Venus Williams is happy to see Kim Clijsters back, but she is on her guard against the dangerous Belgian who says she has nothing to lose.
Williams has no room for sentiment
Venus Williams is happy to see her next rival return to court but the American is hoping she manages curtail Kim Clijsters' US Open comeback when they meet today in the fourth round. They last went head-to-head four years ago and their relationship dates back almost a decade yet there will be no room for sentiment when Williams faces off against the Belgian at the Flushing Meadows in New York.
The battle between the two former US Open champions has been one of the most eagerly-anticipated showdowns expected at this year's tournament and when the duo turned the dream into reality, neither were ready to talk up their chances. On paper Williams should be the overwhelming favourite to win the contest since she is the world No 3 while Clijsters does not even own a ranking as she is playing in only her third event after taking a two-year break to start a family.
But the Belgian has already proved to be a thorn on the side of top players such as the French Open champion Svetlana Kuznetsova, who was beaten by Clijsters last month, and Williams is on guard. "She's obviously a very determined woman and very talented. Put those two together and you get great tennis. "She is living her dream on and off the court," Williams said after beating Slovakian Magdalena Rybarikova 6-2, 7-5 on Friday.
"Obviously, it's great to see her back but I want to advance to the next round." Williams leads their head-to-head record 6-4 but Clijsters beat the American en route to winning the 2005 US Open title and is hungry to enjoy another win at the start of what she calls "a second career". "It's a big challenge for me. I've got nothing to lose. I'm going to go out there and just give it 200 per cent," said the 26-year-old after beating Kirsten Flipkens 6-0, 6-2.
"I know what kind of tennis I have to bring. But obviously it's been so long that I stood in front of someone like her, who can play as well as she can. "I know that serving is going to be very important. I'm going to really have to make sure I get a high first serve percentage in, stay aggressive and keep the unforced errors low." Some former players have tipped Clijsters to win the encounter as Williams has been struggling with tendinitis in her left knee but the Belgian refused to get distracted by Williams's injury woes.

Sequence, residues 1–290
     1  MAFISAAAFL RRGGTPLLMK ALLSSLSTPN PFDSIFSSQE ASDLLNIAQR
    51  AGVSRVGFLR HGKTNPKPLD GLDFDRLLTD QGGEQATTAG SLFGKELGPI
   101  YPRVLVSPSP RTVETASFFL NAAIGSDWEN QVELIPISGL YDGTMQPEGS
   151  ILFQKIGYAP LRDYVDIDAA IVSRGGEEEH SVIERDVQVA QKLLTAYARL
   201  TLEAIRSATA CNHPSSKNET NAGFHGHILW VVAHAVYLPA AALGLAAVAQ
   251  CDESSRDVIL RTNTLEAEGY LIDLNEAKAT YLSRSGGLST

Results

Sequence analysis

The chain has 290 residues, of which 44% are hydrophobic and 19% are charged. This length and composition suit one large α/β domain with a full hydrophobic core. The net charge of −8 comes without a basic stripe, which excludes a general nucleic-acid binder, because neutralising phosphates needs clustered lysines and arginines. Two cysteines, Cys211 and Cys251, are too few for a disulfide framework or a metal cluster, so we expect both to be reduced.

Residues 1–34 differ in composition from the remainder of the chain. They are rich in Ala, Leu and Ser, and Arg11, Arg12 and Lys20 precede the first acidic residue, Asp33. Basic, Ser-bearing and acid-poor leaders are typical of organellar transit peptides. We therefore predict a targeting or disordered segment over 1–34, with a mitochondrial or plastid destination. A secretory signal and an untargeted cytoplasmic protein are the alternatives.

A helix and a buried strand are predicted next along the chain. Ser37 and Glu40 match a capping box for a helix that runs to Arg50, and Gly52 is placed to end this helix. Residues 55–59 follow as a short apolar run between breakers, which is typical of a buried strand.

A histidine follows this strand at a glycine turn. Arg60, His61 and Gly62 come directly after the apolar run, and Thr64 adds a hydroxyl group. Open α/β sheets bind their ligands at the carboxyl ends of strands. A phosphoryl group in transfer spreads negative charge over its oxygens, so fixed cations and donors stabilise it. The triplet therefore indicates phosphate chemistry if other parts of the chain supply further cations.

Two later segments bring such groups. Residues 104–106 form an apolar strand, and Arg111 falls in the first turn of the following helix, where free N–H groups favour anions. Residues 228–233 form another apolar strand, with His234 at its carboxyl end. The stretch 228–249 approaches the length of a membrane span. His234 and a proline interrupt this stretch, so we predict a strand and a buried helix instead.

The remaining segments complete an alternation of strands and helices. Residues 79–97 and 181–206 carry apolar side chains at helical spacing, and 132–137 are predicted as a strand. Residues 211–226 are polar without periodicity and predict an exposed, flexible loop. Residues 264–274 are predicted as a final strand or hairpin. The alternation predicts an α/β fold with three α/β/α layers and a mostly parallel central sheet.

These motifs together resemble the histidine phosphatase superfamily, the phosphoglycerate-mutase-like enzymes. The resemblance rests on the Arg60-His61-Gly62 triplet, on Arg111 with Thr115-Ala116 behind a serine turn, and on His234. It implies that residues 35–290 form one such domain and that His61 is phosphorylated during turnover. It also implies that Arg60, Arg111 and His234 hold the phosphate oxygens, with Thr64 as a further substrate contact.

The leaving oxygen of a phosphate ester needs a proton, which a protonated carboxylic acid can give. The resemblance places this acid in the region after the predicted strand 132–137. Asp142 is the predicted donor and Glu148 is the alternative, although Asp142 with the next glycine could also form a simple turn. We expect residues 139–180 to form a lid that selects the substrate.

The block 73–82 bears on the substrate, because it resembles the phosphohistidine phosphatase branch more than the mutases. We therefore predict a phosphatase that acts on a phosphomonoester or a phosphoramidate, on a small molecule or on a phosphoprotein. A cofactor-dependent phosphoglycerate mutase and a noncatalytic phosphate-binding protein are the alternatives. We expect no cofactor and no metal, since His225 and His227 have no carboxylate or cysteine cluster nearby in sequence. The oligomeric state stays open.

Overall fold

"She's obviously been playing pretty good, moving well, so I don't think it's really bothering her that much. She's still playing doubles [so] I assume if it was that bad, she wouldn't be playing both events," said Clijsters. Venus' younger sister and world No 2 Serena had a 6-3, 7-5 win over Spain's Maria Jose Martinez Sanchez, and will next face Slovakia's Daniela Hantuchova. On the men's side, Rafael Nadal came past a stubborn Nicolas Keifer in a marathon third set of his second round match before advancing past a hurdle that turned out to be more difficult than expected.
His 6-0, 3-6, 6-3, 6-4 victory completed a clean sweep for the top 16 players. They are 32-0 through two rounds, the first time that has happened in the 41-year history of Open era of grand slams. "A very good practice for me, no?" Nadal said. "To play in three hours is a very good test. At the same time, it's important. "The first day, I didn't have any bad moment, any pressure moment. Today, I had to do more."
While Nadal welcomed a tougher test as he makes his way back from knee tendinitis that forced him to skip Wimbledon, the display raised doubts about whether the Spaniard can win the title here. "He was getting a little bit tired," Kiefer said. The world No 3 Nadal and his predecessor Andy Murray, who defeated Paul Capdeville of Chile 6-2, 3-6, 6-0, 6-2, are the only two players in the top 10 to have dropped a set over their first two rounds.
The French pair Jo-Wilfried Tsonga and Gilles Simon were other top-10 seeded players to progress Friday. * With agencies